1891 __ The Postal Phonograph
‣ Comment : The postal phonograph. — and similar ideas, like “phonographic calling cards”. — were also results of conceptualizing the use if sound-reproduction technologies outside the consumerist, domestic middle-class context within which they were popularized. A postal phonograph system would have had recording and reproducing machines at each post office so that those who could not write could speak into the machines and send the recordings in the mail to friends, family, and associates. This idea was in circulation before sound-recording devices were commercially available. Chichester Alexander Bell wrote to his Volta Laboratory notes of techniques “for making records of which copies are not required, as for example, messages on strips of paper to be sent by post”. Emile Berliner’s idea of a gramophone office in every town implied that, once recordings were made, they could be mailed. An industry publication reported another plan for a postal phonograph in 1891 : “Phonographs are to be used in Mexican post offices for the benefit of the illiterate. The sender will go to the office, talk his message into the receiver of the phonograph, and when the cylindr reaches its destination the person addressed will be sent for, and the message will be repeated to him from another machine.” Although I have found no records of fully functioning official postal phonograph systems, the mailing of cylinders was considered a significant potential use of the business phonograph. For instance, Bell’s original plan for improving Edision’s phonograph include experimenting with paper cylinder as paper would facilitate ease in mailing. In fact, Bell mailed a graphophone cylinder to his colleagues at Volta in order to demonstrate the machine’s readiness for commercial development. (Jonathan Sterne, pp. 194-195) — In the Talking Machine World. — The new idea of a postal phonograph is expected to create a small revolution. As developed at Vienna a penny-in-the-slot machine is to supply a thin gramophone disc made into a record of the sender's message as spoken by him into a machine, and this record is mailed as a postal card. Being of tough material it sustains no injury. A small phonograph, to cost bu a few shillings, is to be manufactured to enable the receiver to reproduce the message of the disc. (In The Music Trade Review, 1905, 40-1-40)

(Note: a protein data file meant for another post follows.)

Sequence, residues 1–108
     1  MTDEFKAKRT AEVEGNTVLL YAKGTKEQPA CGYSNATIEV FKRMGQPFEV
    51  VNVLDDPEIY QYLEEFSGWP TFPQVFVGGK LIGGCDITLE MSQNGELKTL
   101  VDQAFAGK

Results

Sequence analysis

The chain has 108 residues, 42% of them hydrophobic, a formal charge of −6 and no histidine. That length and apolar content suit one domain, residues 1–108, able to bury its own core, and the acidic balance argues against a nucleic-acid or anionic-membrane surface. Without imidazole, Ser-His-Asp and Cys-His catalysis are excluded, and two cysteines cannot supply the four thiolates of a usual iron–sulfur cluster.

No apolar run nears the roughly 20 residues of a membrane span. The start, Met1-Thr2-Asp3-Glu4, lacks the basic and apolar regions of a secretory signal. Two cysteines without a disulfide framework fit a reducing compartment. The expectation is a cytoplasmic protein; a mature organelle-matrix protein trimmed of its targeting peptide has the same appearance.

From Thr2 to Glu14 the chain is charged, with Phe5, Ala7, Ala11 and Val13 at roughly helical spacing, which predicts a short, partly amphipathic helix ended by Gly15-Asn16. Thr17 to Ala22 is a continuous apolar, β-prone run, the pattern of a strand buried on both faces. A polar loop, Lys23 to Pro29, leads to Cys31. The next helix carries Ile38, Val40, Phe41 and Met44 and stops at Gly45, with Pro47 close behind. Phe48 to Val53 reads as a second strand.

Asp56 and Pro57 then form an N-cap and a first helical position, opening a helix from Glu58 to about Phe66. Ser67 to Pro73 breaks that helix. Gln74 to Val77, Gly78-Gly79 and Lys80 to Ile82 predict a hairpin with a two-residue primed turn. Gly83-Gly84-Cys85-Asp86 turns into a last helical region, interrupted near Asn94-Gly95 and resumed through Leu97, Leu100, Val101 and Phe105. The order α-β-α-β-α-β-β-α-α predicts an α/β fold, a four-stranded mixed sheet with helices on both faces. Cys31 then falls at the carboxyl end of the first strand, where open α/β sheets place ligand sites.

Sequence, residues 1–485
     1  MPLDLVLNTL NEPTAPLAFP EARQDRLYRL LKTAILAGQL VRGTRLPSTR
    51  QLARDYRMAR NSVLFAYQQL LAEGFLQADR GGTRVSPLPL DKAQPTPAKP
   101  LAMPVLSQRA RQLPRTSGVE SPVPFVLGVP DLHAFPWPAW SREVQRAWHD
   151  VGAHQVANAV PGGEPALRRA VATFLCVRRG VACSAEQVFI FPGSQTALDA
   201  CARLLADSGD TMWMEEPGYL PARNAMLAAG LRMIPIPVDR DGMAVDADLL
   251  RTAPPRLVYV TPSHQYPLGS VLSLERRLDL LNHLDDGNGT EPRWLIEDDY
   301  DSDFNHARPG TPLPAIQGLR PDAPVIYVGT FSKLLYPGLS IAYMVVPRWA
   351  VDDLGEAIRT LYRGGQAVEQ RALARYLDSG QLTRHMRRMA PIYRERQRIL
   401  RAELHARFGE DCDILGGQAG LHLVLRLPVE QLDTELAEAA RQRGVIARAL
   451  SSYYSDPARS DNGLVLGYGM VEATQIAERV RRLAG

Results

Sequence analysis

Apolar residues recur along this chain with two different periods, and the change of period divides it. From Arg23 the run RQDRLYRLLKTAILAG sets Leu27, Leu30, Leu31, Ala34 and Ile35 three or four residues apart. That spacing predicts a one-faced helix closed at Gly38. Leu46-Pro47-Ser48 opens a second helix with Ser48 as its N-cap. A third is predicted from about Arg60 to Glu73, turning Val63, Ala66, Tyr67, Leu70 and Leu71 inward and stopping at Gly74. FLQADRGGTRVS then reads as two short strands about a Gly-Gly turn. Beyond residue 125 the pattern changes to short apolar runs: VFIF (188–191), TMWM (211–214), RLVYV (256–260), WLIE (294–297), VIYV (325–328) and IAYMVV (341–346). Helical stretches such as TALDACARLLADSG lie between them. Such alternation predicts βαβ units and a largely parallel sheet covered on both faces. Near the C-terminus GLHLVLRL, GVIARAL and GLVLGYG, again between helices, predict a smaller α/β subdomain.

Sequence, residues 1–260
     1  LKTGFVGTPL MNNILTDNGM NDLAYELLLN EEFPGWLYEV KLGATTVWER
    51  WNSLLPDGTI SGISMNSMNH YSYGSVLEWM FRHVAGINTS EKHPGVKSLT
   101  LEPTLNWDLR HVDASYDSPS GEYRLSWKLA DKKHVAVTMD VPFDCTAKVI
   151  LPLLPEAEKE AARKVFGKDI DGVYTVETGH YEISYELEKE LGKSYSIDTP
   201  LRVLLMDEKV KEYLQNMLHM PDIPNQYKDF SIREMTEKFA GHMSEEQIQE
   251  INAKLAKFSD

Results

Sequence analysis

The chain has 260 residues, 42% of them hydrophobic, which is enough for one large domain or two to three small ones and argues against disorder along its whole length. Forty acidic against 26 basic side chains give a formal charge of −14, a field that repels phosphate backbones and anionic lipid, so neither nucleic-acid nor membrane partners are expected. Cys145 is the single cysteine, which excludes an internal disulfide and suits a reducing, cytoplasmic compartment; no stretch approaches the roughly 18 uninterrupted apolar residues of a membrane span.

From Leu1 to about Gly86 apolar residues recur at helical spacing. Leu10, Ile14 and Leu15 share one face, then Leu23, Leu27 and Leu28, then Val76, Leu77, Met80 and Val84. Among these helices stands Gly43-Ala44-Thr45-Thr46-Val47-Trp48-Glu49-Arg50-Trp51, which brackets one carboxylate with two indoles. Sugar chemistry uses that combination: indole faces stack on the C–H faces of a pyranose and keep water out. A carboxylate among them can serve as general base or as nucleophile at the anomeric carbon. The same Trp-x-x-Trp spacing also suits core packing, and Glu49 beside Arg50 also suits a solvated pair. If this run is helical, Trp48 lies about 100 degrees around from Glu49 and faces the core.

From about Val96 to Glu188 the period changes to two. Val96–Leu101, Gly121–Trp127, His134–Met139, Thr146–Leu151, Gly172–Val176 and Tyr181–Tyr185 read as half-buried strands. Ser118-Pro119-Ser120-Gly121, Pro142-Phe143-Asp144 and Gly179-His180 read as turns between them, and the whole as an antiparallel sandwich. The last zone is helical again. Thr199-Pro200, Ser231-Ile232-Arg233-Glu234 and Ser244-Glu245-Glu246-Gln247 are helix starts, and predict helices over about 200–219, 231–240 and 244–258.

‣ Source : Sterne, Jonathan (2003), “The Audible Past - Cultural Origins of Sound Reproduction”, Durham & London : Duke University Press, pp. 194-195.
‣ Urls : http://www.arcade-museum.com/mtr/MTR-1905-40-1/MTR-1905-40-1-40.pdf (last visited )
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